Here’s Why Nokia Should Never Mess With The Windows Phone UI

Here’s Why Nokia Should Never Mess With The Windows Phone UI

A little-discussed fact about the Nokia-Microsoft partnership is that Nokia has permission to create custom Windows Phones skins for its own devices. And while they have yet to do anything, these alleged (and stomach-churning) mockups from a Nokia senior designer in the R&D department not only show what a custom Nokia skin might look like, but also provides the strongest argument for why Nokia (or anyone, really) shouldn’t lay a finger on the Windows Phone UI.

The images were drudged up by PocketNow, who says that Nokia assumed no responsibility for the designs (though it acknowledged the designer was a Nokia employee at the time). Above and beyond the fact that this design totally undermines everything that makes Windows Phone so great, it looks like it was designed by the person who designed the Orbitz website circa-2005. Form and function are not cohesively unified. In fact, it looks like function was tossed out the window entirely. This is flash for the sake of flash. Wasted space, obscured information and skeuomorphic design are recurring themes here.

And maybe this shouldn’t come as a shock, considering Nokia used the Symbian platform to commit numerous design atrocities. But what was Microsoft thinking when it opened up the remotest of possibilites for Nokia to come in and possibly lay its lascivious hands all over the pure, innocent Metro UI (aside from the fact that it was desperate for a high-profile partnership for their fledgling OS)? Maybe I’m getting a bit fanatical, considering this is very much just a concept, and the designer responsible doesn’t even work for Nokia anymore. But damn this is what it pays their designers for?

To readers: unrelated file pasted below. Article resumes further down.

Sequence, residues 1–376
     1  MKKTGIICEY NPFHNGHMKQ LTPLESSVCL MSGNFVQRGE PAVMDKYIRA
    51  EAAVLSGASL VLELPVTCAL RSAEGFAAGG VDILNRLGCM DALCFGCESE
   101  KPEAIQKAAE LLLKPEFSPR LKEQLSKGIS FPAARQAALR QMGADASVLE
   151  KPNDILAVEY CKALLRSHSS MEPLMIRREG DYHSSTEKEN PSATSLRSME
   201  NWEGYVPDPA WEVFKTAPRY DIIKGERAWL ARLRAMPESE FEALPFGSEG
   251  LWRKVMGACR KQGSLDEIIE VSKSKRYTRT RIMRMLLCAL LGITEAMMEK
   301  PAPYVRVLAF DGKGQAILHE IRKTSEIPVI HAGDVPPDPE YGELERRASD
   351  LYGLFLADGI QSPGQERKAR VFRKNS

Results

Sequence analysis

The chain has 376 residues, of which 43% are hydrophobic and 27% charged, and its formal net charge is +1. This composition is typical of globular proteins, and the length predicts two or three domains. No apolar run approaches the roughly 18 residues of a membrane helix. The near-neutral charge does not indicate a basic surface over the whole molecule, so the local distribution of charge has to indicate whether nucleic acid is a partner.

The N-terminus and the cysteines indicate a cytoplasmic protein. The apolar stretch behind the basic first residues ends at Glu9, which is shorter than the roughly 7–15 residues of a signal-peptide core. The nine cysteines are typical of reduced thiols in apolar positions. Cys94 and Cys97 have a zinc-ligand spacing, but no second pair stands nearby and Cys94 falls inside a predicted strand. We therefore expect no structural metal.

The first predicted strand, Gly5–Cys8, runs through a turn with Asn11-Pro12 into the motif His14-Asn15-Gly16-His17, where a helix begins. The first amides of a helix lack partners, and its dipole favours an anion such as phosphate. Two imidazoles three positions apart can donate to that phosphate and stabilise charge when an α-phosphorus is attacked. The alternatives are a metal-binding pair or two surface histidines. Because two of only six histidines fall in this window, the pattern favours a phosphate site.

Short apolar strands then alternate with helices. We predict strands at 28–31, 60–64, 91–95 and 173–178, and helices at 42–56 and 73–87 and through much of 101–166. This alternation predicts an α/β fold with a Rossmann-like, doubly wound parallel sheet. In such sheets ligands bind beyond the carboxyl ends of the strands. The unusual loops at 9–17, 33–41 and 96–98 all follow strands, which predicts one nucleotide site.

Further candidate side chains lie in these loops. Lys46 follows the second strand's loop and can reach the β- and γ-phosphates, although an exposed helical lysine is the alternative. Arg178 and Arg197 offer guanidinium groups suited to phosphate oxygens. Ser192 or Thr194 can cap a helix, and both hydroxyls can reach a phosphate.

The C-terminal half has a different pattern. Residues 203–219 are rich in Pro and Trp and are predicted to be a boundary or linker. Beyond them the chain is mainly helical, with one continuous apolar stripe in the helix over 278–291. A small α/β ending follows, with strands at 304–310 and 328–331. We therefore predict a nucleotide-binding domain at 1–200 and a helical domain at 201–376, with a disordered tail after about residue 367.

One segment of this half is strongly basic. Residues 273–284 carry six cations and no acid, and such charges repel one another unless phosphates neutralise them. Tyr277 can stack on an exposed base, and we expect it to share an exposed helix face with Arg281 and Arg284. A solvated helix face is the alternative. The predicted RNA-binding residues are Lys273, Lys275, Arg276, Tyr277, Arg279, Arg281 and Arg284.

Despite all that, there’s some good that can be extracted from this agreement that Nokia weaselled its way into, and that good would come in the form of a camera app. Because if Nokia’s going to start stuffing Windows Phones with the PureView technology, it needs a proper app to go with it. The stock camera app on Windows Phone is terrible. It’s slow. You don’t tap to focus, you tap to shoot. Zooming is carried out in rigid increments. Nokia could probably end up doing some good in this area.

There’s also some consolation in the fact that shortly after the partnership was announced Nokia’s CTO stated that he had no desire to mess with Microsoft’s design. But things always change. Companies change their mind. I just hope Nokia doesn’t delude itself into thinking that a Motorola-esque WP7 skin would be good for anyone. Because it wouldn’t. [PocketNow]